On appeal from the Superior Court, Law Division - Special Civil Part, Hudson County
Gaulkin, Bilder and R. S. Cohen. The opinion of the court was delivered by Gaulkin, P.J.A.D.
[228 NJSuper Page 200] The principal issue raised in this tenancy appeal is whether the owner of a building having two residential and two commercial units can properly invoke N.J.S.A. 2A:18-61.1(l)(3), which permits the owner of a building "of three residential units or less" to remove a tenant upon a showing that he "seeks to personally occupy a unit." We hold that the owner of a mixed-use building does have recourse to the statute; we overrule the contrary holding of Cabrera v. Mordan, 220 N.J. Super. 373 (Law Div.1987).
Plaintiffs own a three-story building in Union City. The first floor has two commercial units, presently occupied by a bakery and a butcher shop. Each of the two upper floors has one apartment. Plaintiffs live in the third-floor apartment and also operate the bakery. Defendant is a month-to-month tenant of the second floor apartment.
On October 20, 1986, plaintiffs gave defendant notice that his tenancy would be terminated on January 1, 1987. The notice set forth that "owner of 2-family seeks to personally occupy apartment"*fn1 and cited N.J.S.A. 2A:18-61.1(l)(3). Defendant failed to vacate the apartment and plaintiffs filed this action for possession. Following a series of hearings over several months, the trial judge entered judgment in favor of plaintiffs, holding that N.J.S.A. 2A:18-61.1(l)(3) permitted plaintiffs to remove defendant to occupy the apartment. Defendant appeals. The judgment of possession was stayed pending appeal.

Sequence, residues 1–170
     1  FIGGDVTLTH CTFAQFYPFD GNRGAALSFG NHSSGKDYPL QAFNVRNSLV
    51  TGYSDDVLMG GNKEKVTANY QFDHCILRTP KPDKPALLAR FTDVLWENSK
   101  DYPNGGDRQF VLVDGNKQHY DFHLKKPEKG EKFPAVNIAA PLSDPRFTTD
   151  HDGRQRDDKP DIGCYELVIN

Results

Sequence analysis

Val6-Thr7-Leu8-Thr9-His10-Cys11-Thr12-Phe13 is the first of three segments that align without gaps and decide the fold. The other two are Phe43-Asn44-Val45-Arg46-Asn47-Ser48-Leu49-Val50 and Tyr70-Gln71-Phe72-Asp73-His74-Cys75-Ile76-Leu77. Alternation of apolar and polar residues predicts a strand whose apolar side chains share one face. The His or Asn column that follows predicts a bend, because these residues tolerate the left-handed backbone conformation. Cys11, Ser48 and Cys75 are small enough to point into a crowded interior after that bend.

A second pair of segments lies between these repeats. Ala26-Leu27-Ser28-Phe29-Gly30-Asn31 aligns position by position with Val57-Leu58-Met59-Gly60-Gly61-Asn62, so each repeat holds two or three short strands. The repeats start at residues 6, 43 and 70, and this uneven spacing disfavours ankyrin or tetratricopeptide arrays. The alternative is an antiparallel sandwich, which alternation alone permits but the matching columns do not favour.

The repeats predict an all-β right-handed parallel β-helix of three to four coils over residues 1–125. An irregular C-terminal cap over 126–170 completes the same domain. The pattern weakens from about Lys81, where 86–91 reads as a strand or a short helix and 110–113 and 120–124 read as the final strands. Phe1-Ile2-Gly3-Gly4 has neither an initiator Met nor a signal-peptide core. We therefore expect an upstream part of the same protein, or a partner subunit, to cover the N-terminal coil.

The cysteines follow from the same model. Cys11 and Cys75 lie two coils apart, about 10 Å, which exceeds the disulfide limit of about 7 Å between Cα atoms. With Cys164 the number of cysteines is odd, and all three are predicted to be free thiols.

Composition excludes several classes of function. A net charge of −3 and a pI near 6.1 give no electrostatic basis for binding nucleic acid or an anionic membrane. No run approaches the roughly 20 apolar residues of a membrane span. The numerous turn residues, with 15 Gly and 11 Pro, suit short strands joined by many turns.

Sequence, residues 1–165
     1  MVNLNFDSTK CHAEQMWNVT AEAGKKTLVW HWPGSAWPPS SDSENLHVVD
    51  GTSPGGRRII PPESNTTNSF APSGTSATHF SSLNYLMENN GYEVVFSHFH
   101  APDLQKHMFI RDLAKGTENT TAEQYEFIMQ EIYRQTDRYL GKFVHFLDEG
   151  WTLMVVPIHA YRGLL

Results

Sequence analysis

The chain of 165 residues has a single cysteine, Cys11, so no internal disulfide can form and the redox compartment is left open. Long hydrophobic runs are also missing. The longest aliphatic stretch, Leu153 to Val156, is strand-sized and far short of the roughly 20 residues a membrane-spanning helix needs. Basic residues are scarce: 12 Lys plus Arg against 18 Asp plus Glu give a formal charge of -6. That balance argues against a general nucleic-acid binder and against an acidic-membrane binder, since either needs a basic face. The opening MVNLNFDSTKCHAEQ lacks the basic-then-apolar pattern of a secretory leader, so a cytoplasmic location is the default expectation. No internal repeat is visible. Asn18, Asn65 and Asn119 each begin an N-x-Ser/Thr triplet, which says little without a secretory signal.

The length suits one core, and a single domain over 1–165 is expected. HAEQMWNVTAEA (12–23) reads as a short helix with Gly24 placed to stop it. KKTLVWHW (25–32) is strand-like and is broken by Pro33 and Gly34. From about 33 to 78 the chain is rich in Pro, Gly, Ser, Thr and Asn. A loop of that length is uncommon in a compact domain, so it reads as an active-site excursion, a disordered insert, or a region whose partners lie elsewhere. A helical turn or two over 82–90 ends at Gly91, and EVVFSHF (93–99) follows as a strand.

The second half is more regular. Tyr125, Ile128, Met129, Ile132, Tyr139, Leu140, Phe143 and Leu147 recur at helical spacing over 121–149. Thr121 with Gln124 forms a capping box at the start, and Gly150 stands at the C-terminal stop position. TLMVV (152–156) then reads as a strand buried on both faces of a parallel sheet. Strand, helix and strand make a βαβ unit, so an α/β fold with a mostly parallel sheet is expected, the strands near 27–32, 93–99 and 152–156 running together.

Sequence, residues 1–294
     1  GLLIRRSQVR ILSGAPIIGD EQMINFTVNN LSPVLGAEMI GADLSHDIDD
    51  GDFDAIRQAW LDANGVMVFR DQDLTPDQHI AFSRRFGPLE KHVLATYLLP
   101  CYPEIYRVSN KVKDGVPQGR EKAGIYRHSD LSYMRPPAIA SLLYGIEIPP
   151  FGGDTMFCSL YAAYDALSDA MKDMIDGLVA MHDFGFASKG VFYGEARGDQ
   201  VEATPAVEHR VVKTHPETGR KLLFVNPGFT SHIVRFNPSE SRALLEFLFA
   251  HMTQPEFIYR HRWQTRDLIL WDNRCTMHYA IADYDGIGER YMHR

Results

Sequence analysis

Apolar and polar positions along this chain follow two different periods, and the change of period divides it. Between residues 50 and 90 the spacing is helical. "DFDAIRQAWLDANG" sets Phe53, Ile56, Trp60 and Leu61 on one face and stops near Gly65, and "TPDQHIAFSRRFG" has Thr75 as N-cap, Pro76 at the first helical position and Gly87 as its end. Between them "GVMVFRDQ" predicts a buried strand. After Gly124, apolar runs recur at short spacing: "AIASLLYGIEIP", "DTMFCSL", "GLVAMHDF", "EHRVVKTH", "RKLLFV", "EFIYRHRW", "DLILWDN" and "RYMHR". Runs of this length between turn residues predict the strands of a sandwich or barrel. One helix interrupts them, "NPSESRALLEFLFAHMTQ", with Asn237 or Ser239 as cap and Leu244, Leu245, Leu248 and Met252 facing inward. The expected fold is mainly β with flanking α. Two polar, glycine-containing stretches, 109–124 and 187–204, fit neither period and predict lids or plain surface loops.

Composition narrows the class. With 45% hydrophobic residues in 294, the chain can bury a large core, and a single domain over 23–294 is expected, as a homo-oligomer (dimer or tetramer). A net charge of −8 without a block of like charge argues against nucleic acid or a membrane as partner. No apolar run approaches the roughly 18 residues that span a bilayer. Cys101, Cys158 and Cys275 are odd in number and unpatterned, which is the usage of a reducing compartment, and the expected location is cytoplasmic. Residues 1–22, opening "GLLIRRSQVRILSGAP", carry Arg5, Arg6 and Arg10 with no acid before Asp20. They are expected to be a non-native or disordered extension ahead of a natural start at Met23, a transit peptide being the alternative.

N.J.S.A. 2A:18-61.1, commonly called the Anti-Eviction Act, prohibits removal of certain residential tenants without "good cause" as defined in the statute. Subsection (l)(3), on which plaintiffs rely, provides that "good cause" for removal is established by a showing that:
The owner of a building of three residential units or less seeks to personally occupy a unit, or has contracted to sell the residential unit to a buyer who wishes to personally occupy it and the contract for sale calls for the unit to be vacant at the time of closing. N.J.S.A. 2A:18-61.1(l)(3).
The issue here is the meaning of "a building of three residential units or less." Does that mean a building which consists only of three residential units or less, or does it mean any building which includes, along with any other uses, not more than three residential units? We are satisfied that the latter reading is the proper one.
The Act is intended "to protect residential tenants from the effects of what the Legislature has deemed to be a severe shortage of rental housing in this state." Harden v. Pritzert, 178 N.J. Super. 237, 240 (App.Div.1981). The statute is framed to afford "residential tenants the right, absent good cause for eviction, to continue to live in their homes without fear of eviction or lease non-renewal and thereby to protect them from involuntary displacement." Morristown Mem. Hosp. v. Wokem Mtge. & Realty, 192 N.J. Super. 182, 186 (App.Div.1983) (citations omitted).
In defining the rights of residential tenants, however, the Legislature also assured that owners would have certain rights to enjoy their properties. The Act provides not only that "good cause" can exist where an owner seeks to personally occupy a residential unit but also that the "good cause" requirements are not applicable with respect to "owner-occupied premises with not more than two rental units." N.J.S.A. 2A:18-61.1.*fn2 The purpose of those complementary provisions is evident: to assure that the owner of a building with a small number of residential units can reside in his own building and have some control over the persons with whom he lives. Cf. Fresco v. Policastro, 186 N.J. Super. 204, 206 (Cty.D.Ct.1982).
Nothing in the language or design of the Act suggests that the Legislature intended the presence of commercial uses to affect the rights of either residential tenants or owners. The Act focuses solely on buildings and other premises "leased for residential purposes" (N.J.S.A. 2A:18-61.1) and nowhere adverts to commercial tenancies, buildings or ...